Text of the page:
Writing to Inform
Writing to teach or inform someone about a topic is a strategy that can be useful in all subject areas. Keep in mind the audience that will be reading the finished product. Age-appropriate projects can be adapted to target the participating students. This type of writing must be accurate. Often research is required to verify factual information. Incorporate research lessons into the search for historical or scientific facts. Take the students to the library and guide them as they locate appropriate resource books on their topic. Parents may be asked to assist at home with internet research.
One of the simplest forms would be writing captions for pictures of how to do something, such as make a peanut butter and jelly sandwich. Children could list the ingredients, draw the steps and then label the pictures.
An extension to this activity would be to create a sandwich with colored construction paper to be glued onto the paper with the “How To Make” directions. To conclude the activity, bring the ingredients to actually make the sandwich and have a tasting party. As one student reads what to do, another student would follow exactly what they are told to do. If the sandwich turns out as desired, Great! If not, revisions may be needed in the directions. If you have students with food allergies to peanut butter, you could vary the activity with “How to Make Pancakes” or some other favorite food.
Teachers often ask preschool or kindergarten students to tell them “How to Cook a Turkey” at Thanksgiving. Their inventive answers are recorded and shared.
Older students may wish to write on the topic “How to Grow a Sunflower.” Combine visual representations of plant parts with the written directions. Have the students grow sunflowers in the spring. Start the seeds in the classroom and transplant them somewhere outside or at home when they outgrow the original container. It would be a fun summer project to measure the height throughout the summer and create a growth chart. At the end of the summer, the large bloom of the sunflower could be collected for seeds. The sunflower seeds could be used in a bird feeder or baked to eat the kernels.
The following books can be found in the Kaleidoscope collection of leveled readers:
Where Does It Come From? (Level D): “Where do apples come from? Apples come from apple trees.”
Seeds (Level G): “Apples, grapes, and lemons have few seeds. A peach has one seed. This seed is called a pit. Strawberries and melons have many seeds. Some seeds grow in flowers. Sunflower seeds can be eaten.”
Writing for informational projects may take many forms, from travel brochures about points of interest to stories on a particular topic. Choose a location and plan an imaginary or real class trip to that location. Have the students research and write about facts on the area, history of the destination, etc. What makes it a place that people want to visit? The field trip will be a success when the students are prepared to see things they have already learned about. If going to the actual place is not an option, some places offer virtual field trips on the computer. Students could create math word problems on distance traveled or elapsed time on the start to finish.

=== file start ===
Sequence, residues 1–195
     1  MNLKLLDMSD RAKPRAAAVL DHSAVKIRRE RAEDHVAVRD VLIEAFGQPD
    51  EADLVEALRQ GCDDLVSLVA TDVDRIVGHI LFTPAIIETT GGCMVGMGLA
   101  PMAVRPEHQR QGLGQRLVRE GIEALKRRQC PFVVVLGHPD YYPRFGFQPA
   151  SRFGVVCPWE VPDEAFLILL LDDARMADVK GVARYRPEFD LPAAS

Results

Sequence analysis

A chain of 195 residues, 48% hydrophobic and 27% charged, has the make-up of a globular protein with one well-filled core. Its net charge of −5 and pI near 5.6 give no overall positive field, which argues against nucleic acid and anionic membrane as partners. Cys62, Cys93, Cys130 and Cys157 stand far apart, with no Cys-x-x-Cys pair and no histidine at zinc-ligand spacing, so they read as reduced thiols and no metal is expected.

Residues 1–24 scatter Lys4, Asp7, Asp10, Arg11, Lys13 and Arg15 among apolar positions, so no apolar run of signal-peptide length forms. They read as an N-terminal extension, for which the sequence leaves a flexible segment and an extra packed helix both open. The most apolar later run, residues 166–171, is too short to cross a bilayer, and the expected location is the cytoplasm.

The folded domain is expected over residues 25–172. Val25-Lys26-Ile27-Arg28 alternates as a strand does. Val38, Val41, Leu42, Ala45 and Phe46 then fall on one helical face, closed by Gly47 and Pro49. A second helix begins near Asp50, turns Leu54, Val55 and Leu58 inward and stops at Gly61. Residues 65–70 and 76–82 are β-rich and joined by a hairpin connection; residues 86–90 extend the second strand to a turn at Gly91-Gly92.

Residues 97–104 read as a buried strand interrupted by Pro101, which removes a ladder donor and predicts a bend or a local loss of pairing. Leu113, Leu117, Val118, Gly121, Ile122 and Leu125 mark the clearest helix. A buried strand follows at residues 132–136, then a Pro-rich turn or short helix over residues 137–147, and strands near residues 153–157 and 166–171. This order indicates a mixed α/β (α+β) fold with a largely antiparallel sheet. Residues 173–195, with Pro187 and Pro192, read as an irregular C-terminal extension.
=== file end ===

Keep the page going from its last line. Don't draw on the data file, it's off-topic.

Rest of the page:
To extend the field-trip idea, plan a pretend weeklong trip to several destinations within one region. Research the weather for the time of year you might travel and create a suggested packing list. Assign different ways to travel on the journey to different groups. Ask them to write about how their trip might be different if they went by train, airplane, ship, car, bicycle, etc. Schedule a sharing time for the finished trip reports.
Choose a health-related topic and ask students to write about why it is important to their health to practice this habit. Examples include brushing teeth, exercise, or eating a balanced diet. Ask them to research factual data to support their presentation. Progress for the individual or the class could be charted. The data could be analyzed and written into a summary.
Create a set of factual trading cards on a topic. An example could be important historical people and their contributions. Students could work with a partner to research information to include. This could be an ongoing project as the class studies about different folks from the past.
Select a topic from history and ask students to write about how it has evolved over time. An example would be the purpose of horses. In times past, horses had a very different meaning to people than today’s horses do. The book Work Horses will show students why these horses were needed to help with jobs.
Work Horses (Level F) “Before there were tractors, farmers had big horses called draft horses. Draft horses pulled plows and helped the farmers work the fields.”
Children have a natural curiosity to learn factual information. Tap into this and let them suggest topics of interest to learn more about. We can learn many things from each other and from the personal experiences the children bring to the task of writing.
For more information on the Kaleidoscope Collection containing books written by this author, you can download an information sheet by clicking on the image below.